Albert Goldman was the first one who made musical analysis of Beatles or Lennon´s songs. He thinks the beginning of Please Please Me is “like sailors shouting back and forth as they haul up a sheet of canvas, the song is an irresistible shout of “ Bon voyage”.
    Then the call and response! And the middle part is typical Lennon: with the octave run!: “…it´s so hard to reason with YOU…”. The song is fantastical. It is not typical pop music, it´s a kind of expressionism, which is typical for the early Beatles music. It has nothing to do with Roy Orbison. McCartney willingly speaks, or spoke, about plagiarism. I have always got the feeling that McCartney and George Martin want to reduce the song´s importance, because Lennon, and not McCartney was the dominant composer in those years, before Yesterday — and that embarrasses the competitive McCartney tremendously — and George Martin wasn´t so influential before Sgt Pepper.
    Music writers usually don´t know that Please Please Me is a Lennon composition, but they all know that McCartney did Yesterday! George Martin knew it is a Lennon song completely, but by some reason he always said that John and Paul wrote it “together”. That irritated Lennon. See the book “Lennon letters”.

  12. IdahoPaul

    They recorded “Please Please Me” with Andy White on Sept. 11, 1962, the same session they did “Love Me Do” and “P.S. I Love You.” That version is on Anthology 1. There was talk of putting it on the B side of “Love Me Do,” but Martin decided to keep it for later. It’s all Ringo on the stereo and mono versions recorded in November, and his drumming is fabulous! Things were happening very fast in the second half of 1962. Read Mark Lewisohn’s “Tune In.” It will give you a very clear picture of everything that was going on

  13. Johan cavalli

    This autumn Paul Du Noyer released a book “Conversations with McCartney”. There McCartney again declares that Please Please Me is “a Orbison-esque piece”.
    But the melody has nothing to do with Roy Orbison! As usual McCartney wants to reduce Lennon´s importance. Please Please Me was their first number one hit, and their big break through. But McCartney´s Yesterday from 1964-1965 has more similarities with Lennon´s Do You Want to Know A Secret? from 1962, than Lennon has with Orbison. But nobody mention that. Nobody defended Lennon´s music.
    “Yesterday, all my troubles seem so far away” = “Listen, do you want to know a secret”. The same start and the same up climbing melody.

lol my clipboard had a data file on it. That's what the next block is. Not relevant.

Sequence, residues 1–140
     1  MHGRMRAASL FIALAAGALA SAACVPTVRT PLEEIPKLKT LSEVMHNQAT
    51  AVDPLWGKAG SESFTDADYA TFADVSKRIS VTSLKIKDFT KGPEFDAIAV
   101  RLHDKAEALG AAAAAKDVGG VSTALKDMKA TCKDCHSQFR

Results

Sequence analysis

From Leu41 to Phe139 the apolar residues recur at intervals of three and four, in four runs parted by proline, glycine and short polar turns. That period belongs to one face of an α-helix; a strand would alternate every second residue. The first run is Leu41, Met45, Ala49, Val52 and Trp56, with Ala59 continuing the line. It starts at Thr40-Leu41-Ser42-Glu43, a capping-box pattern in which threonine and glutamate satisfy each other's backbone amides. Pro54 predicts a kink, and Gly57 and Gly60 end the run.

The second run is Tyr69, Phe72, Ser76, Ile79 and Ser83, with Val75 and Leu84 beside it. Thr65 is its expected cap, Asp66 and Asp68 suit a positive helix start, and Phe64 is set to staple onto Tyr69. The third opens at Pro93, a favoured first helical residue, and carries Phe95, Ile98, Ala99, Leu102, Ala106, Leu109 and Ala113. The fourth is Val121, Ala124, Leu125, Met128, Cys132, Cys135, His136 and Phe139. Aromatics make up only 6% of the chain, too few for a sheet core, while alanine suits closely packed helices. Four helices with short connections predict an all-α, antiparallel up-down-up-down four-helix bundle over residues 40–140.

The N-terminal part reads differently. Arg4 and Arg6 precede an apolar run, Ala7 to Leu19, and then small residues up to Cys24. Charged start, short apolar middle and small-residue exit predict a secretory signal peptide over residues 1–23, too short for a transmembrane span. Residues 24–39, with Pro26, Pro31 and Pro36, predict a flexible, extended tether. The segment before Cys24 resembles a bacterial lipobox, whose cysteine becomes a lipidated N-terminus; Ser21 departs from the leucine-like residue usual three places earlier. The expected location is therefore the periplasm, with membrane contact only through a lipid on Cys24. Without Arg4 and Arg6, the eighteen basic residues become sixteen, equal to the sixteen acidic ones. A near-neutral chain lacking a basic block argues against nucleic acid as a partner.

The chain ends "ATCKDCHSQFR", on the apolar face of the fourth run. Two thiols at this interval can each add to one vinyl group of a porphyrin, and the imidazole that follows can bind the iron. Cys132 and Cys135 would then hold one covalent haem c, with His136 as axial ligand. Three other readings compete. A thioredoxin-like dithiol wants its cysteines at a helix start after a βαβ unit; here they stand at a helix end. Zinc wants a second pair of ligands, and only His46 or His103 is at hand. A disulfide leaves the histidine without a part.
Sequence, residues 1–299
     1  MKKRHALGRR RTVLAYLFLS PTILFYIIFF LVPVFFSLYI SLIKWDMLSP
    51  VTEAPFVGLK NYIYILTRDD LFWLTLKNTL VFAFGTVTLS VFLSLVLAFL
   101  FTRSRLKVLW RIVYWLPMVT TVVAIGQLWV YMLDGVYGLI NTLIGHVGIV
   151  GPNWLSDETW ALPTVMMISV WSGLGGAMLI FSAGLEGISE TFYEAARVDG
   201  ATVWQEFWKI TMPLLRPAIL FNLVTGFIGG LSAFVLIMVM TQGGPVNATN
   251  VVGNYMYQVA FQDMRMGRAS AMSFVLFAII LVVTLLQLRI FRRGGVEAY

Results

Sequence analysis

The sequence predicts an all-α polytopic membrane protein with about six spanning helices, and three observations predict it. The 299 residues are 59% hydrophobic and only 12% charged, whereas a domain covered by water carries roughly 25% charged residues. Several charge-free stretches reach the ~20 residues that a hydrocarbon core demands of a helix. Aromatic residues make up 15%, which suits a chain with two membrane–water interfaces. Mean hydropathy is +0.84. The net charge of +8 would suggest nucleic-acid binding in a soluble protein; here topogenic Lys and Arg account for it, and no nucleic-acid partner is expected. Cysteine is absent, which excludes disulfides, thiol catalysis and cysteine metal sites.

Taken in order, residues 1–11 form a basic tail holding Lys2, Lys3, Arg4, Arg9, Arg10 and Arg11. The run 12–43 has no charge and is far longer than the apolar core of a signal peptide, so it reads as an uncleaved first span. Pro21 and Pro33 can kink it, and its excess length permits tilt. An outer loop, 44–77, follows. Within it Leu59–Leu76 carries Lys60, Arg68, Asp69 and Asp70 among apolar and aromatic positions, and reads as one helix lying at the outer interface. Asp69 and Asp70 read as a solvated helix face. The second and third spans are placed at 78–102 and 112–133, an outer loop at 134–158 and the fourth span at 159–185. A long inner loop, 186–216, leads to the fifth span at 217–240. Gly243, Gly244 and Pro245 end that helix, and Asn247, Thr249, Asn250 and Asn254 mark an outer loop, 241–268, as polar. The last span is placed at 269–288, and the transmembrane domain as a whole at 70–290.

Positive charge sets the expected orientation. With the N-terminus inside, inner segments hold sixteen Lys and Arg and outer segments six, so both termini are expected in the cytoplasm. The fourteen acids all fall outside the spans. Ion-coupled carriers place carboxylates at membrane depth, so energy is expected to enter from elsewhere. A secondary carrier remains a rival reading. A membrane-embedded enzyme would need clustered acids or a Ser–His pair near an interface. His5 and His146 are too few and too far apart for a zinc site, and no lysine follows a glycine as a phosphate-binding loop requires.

1. DarrenS

      You do realize they worked on PPM together, on at least one occasion, in Paul’s house on Forthlin Road in 1962, right? Sitting side by side at the piano, working on it. From this, it would appear that John wrote it and then he and Paul worked on the arrangement together. The Orbison reference is about the original version, which no one’s ever heard, because it was never recorded.

      This ridiculous arguing about who was better or more important between the 2 of them gets old fast. No one with any real intelligence disparages John Lennon’s songwriting abilities, least of all Paul. It’s come to the point with some people that you can’t write a statement like “I love song X by either John or Paul” without someone saying that the best part is the contribution by the other of the 2.

      And Yesterday has virtually nothing in common with DYWTKAS other than they may, at rare moments, follow similar chord patterns (which many songs do). Remember, Paul had that song around for ages, asking anyone and everyone if they recognized the melody. Don’t you think someone would have pointed out your similarity if it was true? Why not argue that the PPM progression from E to the G-A-B is copied by Paul at the start of “The Night Before” with the progression from D to F-G-A. It’s the same silly point, right?

      Now, if you don’t mind, I’ll go back to listening to the MMT album. I am up to Strawberry Fields Forever, which, as we all know, is a masterpiece because of the way Paul plays the harmonium at the beginning. 😉

  14. Johan cavalli

    To DarrenS
    Interesting, but you have many faults. I am keen on this matter. Beatles is music history, and history description went wrong. You are an example of how McCartney´s and George Martin´s PR activity has succeeded.
    –Please Please Me. You are talking about arrangement. I am talking about the c o m p o s i t i o n. What do you think for example Irwing Berlin, from 1930s, would have said if somebody who had arranged his song, called himself a co-composer. Today McCartney admit Please Please Me is a completely Lennon composition, but formerly McCartney would conceal if it is a Lennon composition by saying “we wrote it together”, which could mean everything. The original version was exactly the same melody, but slower.